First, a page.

Though CDC Probe Over, Chipotle Faces Criminal Investigation

By Subrat Patnaik and Siddharth Cavale | February 5, 2016

Chipotle Mexican Grill Inc said a federal criminal probe linked to a food safety incident at a California restaurant has widened into a national investigation, sending its shares down 7 percent in extended trading on Tuesday.

The burrito chain also said sales at established restaurants plunged about 36 percent in January, following a 14.6 percent drop in the fourth quarter, the first decline in Chipotle’s 10-year existence as a public company.

Chipotle said heavy spending on food safety would weigh on current quarter results. It forecast it would break even on a per-share basis, compared with analysts expectations of a profit of $2.07 per share, according to Thomson Reuters I/B/E/S.

“2016 will be a very difficult year,” co-Chief Executive Steve Ells said in a statement.

Chipotle received a new subpoena at the end of January, seeking information related to company-wide food safety matters dating back to Jan. 1, 2013, and superseding an earlier subpoena that was limited to just one restaurant in Simi Valley, in Southern California.

The expanded investigation could focus on what managers at Chipotle’s headquarters knew about the conditions at restaurants around the country and when, said Bill Marler, an attorney representing Chipotle customers.

Chipotle said it intended to fully cooperate in the investigation by the U.S. attorney’s office for the Central District of California.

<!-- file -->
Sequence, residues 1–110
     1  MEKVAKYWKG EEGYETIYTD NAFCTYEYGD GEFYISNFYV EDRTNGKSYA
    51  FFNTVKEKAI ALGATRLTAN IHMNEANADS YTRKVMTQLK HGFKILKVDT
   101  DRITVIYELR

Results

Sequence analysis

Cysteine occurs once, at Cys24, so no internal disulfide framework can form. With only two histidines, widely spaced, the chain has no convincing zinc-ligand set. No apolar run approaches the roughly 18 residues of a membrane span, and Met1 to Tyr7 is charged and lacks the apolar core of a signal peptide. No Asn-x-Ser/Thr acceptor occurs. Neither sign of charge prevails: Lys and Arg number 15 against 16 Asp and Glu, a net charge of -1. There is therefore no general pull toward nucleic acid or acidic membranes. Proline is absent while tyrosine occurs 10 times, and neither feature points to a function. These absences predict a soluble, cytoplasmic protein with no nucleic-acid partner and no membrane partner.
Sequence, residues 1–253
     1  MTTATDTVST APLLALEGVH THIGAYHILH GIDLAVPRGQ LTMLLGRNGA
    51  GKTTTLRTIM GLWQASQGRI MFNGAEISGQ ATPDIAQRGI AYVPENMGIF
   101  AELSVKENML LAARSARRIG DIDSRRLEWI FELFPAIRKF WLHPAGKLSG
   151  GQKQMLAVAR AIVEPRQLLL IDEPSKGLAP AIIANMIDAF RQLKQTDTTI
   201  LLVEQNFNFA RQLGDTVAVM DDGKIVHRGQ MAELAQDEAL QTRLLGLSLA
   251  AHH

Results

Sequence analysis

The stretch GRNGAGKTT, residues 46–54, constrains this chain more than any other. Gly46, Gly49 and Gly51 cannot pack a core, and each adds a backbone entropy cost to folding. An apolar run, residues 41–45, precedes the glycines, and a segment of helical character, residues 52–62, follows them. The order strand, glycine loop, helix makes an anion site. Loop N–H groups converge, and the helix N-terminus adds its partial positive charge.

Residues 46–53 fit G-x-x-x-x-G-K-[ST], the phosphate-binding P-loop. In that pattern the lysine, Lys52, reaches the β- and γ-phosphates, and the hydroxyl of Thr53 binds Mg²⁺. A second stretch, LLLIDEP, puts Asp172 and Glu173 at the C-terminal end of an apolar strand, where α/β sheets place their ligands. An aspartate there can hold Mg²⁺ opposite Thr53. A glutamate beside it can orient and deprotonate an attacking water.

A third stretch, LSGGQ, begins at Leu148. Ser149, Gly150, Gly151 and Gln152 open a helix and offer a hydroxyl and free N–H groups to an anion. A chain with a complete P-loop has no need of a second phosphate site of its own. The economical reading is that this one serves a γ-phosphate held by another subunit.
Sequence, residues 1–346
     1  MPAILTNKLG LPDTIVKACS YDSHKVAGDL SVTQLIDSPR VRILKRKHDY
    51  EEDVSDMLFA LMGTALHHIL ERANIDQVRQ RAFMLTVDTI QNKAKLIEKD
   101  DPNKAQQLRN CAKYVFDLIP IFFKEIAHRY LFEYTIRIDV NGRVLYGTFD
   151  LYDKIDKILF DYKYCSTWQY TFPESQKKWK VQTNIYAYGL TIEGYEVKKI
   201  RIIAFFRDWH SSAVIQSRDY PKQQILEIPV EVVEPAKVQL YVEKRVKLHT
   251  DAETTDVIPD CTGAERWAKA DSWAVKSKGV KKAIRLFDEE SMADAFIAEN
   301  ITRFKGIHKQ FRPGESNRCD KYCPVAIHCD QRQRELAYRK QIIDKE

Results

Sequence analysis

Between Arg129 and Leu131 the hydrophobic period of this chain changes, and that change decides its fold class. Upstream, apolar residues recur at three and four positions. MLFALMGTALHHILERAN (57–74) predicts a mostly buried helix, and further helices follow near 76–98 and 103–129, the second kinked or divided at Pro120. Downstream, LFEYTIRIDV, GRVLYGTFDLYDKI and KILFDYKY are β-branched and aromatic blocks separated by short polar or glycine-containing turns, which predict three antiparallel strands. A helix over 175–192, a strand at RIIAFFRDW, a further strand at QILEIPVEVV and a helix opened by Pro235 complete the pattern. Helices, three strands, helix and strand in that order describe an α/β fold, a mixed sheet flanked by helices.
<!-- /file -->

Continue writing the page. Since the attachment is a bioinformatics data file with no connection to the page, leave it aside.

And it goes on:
More than 50 people across 14 U.S. states fell sick in two E.coli outbreaks last year after eating at Chipotle outlets. Norovirus outbreaks were also reported in Massachusetts and California.

The outbreaks have driven away customers, wiped more than a quarter off the company’s stock price and resulted in a shareholder lawsuit.

The investigation will keep the story in the media and could damage future earnings if a settlement is reached or compensation is granted, said Neil Saunders, managing director of research and consulting firm Conlumino.

“While we do not believe the brand is beyond repair, we do maintain that both time and investment are required to repair the damage done,” Saunders said. “Chipotle has taken a big leap back, and it will take many smaller steps forward to regain the ground that has been lost.”

The U.S. Centers for Disease Control and Prevention, however, said on Monday that the E.coli outbreaks linked to Chipotle appeared to be over.

The company’s net income plunged 44 percent to $67.9 million, or $2.17 per share, in the quarter ended Dec. 31.

Revenue declined 6.8 percent to $997.5 million.

“The fourth quarter of 2015 was the most challenging period in Chipotle’s history,” Ells said.

Chipotle’s shares, which surged to an all-time high of $758.61 last August, after going public at an offering price of $22 in 2006, were trading at $442 after the bell.

(Reporting by Subrat Patnaik, Siddharth Cavale in Bengaluru and Tom Polansek in Chicago; Editing by Kirti Pandey and Leslie Adler)

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